The first non-lawyer ever tapped to lead a major U.S. law firm, Scott Green, CEO of Pepper Hamilton, explains to Leaders League his role, his relationships with partners, as well as his strategic vision of law firm management.
Leaders League. What are your key tasks as CEO of Pepper Hamilton ?
Scott Green. As CEO, I am responsible for both the business strategy and the operations of Pepper Hamilton. I work with the chair and the members of the firm’s Executive Committee to execute Pepper’s strategic plan. I am also responsible for the efficiency and effectiveness of the firm’s back office activities, including finance, IT, marketing, HR and business development. It is a broad set of responsibilities. The only thing I am not involved in is the attorneys’ work product. Because I am not a lawyer, I leave all professional responsibility issues, such as conflicts and ethical issues, to Pepper’s managing partner. The quality of work and the performance of individual attorneys is closely managed by the various practice group leaders within the firm.
Leaders League. What kind of relationship do you have with Pepper Hamilton’s partners ?
S. G. I interface regularly with the partners, mainly working with them to ensure that they are busy, and if not, I work with them on strategies for developing new business or additional business from existing clients. I work with them to help them be more effective in their business development efforts. I meet regularly with practice group leaders and departments heads to review the financial results of their practices and the efficiency of their people.
Leaders League. You are speaking about financial efficiency. Should a law firm be run as any other company?
S. G. Yes, and I think there is a growing realization that law firms need to have metrics in place to measure performance, to have financial targets, and to approach business in a more scientific way. Having said that, partnerships are also very different from corporations in that they have a more cooperative management approach. Corporations tend to have a vertical leadership model, managed from the top down, while partnerships are a more horizontal model, with many decision-makers who are on the same level. Attorneys also have a level of professional responsibility that’s very important, but is measured differently. For example, in the United States, we are committed as a firm and as a profession to pro bono work, providing free or low-cost legal services. I assume it is the same in most countries. We accept challenging and sometimes unpopular cases, representing those who cannot defend themselves, or taking on important societal issues. It’s an important part of who we are. We set targets for pro-bono work, as well. It does subtract a bit from the bottom line, but again, it’s a critical public service, and Pepper in particular has been committed to pro bono work throughout its history. So, it is a little bit different from corporate model, where the bottom line is the main focus. We believe we have a much broader responsibility to our communities.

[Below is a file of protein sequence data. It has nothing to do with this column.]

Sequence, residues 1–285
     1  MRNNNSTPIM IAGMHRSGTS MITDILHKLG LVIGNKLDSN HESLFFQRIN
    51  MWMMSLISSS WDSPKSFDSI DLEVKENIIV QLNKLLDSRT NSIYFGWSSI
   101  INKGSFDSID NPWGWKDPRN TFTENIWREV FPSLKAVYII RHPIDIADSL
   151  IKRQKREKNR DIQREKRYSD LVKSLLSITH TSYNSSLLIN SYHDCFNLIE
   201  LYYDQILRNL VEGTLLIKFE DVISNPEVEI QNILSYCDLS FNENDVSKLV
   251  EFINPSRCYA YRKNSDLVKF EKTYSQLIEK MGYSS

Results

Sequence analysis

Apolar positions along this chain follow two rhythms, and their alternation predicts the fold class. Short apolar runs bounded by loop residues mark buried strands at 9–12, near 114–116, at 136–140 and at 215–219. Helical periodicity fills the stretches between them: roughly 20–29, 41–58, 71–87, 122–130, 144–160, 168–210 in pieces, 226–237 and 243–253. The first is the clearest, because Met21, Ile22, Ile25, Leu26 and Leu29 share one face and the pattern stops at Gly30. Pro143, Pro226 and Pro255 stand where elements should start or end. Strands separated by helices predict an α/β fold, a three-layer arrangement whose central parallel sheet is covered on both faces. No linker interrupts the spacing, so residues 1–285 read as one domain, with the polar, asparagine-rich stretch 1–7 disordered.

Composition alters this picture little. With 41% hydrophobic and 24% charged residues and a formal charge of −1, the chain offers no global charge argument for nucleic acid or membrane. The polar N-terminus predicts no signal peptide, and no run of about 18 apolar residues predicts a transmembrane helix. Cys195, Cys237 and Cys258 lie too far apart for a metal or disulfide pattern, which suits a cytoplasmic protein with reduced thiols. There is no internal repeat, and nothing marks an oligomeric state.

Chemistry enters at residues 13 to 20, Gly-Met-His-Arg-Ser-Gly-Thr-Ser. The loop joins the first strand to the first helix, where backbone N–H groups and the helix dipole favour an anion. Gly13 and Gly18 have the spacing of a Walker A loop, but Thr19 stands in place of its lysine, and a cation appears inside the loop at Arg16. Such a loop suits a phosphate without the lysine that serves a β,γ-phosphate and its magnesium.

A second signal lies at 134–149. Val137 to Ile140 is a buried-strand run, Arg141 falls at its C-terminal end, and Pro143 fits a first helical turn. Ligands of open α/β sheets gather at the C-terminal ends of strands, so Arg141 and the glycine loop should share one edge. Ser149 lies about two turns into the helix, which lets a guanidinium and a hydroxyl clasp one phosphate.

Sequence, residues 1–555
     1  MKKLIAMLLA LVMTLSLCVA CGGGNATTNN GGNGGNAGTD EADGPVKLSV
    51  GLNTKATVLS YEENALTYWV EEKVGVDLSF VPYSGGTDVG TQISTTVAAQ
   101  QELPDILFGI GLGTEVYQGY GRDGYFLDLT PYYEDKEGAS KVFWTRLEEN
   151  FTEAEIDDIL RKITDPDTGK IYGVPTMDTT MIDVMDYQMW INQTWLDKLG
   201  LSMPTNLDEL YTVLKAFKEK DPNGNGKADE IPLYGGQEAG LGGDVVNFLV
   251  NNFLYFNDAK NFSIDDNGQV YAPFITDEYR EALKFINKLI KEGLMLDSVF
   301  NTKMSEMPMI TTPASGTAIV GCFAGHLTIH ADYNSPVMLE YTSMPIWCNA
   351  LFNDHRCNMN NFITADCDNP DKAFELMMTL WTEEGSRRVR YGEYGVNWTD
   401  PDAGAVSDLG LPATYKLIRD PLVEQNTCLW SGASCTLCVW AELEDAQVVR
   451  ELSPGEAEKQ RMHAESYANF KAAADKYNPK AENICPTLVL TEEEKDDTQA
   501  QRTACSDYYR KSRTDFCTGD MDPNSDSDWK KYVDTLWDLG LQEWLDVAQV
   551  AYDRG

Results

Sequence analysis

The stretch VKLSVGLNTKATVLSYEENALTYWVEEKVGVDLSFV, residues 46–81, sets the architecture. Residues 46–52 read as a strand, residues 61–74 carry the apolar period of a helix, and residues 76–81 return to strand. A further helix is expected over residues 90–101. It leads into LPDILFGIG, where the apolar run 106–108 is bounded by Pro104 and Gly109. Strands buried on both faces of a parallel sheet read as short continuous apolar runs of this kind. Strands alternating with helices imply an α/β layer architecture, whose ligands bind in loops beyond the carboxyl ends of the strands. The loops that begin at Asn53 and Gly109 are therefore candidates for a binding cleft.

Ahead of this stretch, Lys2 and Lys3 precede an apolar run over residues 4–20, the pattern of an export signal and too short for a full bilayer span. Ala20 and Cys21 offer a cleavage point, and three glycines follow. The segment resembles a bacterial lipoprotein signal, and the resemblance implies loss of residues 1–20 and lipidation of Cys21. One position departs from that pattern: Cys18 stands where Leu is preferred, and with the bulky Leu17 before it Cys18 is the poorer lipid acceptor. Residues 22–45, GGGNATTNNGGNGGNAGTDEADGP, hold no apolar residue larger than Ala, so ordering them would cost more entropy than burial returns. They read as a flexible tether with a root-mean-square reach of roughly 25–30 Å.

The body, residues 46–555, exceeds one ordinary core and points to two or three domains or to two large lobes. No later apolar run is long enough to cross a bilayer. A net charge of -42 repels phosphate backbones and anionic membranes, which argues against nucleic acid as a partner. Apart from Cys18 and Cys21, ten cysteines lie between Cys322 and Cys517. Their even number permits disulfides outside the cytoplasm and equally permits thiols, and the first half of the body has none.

Leaders League. Do you think that naming a CEO is a new trend in the legal profession?
S. G. I am not the only non-lawyer CEO at a law firm. Non-lawyer executives have previously served as the CEO of the Denver-based law firm Brownstein Hyatt Farber Schreck and the San Francisco-based firm Coblentz Patch Duffy & Bass. Recruiters say the real hiring trend among law firms is bringing business-minded professionals on board to help manage the organization to promote efficiency and long-term growth.
Leaders League. How are you approaching the issue of managing young lawyers?
S. G. I would say that managing lawyers is a complex task – and one for which lawyers are not always the best-equipped. At Pepper, we place a great deal of emphasis on legal project management, which applies proven, business-focused project management techniques to legal work. This helps Pepper lawyers at all levels. We are also sending some senior lawyers for business school training. For example, our attorneys will attend a Harvard Law School program that is designed to give them the tools to better manage their departments, practice groups, and on some level, the firm as a whole. I believe very strongly in this development program, and I am convinced that law schools do not prepare lawyers for managing people and projects, which are critical functions. Therefore, it’s our responsibility as a firm to help our lawyers become better managers.
Leaders League. You mentioned that Pepper Hamilton has a strategic plan. How important is a strategic plan for a law firm?
S. G. I think all law firms say that they have a strategic plan. But in reality, I don’t think most firms know what a real strategic plan looks like from a business standpoint. “We want to grow” or “We want to expand our global reach” – those are goals. But, that’s not a strategic plan. My definition of a strategic plan is an honest inventory of the firm’s strengths, weaknesses, opportunities and threats, and a plan for approaching each of those elements in order to achieve your goals and your overall vision. Most law firms are either so focused on lower-level details that they don’t have a big-picture vision, or if they have a vision, they don’t have the right people or the right plan to execute it. Having a strategic plan is great, but how you execute it is critical.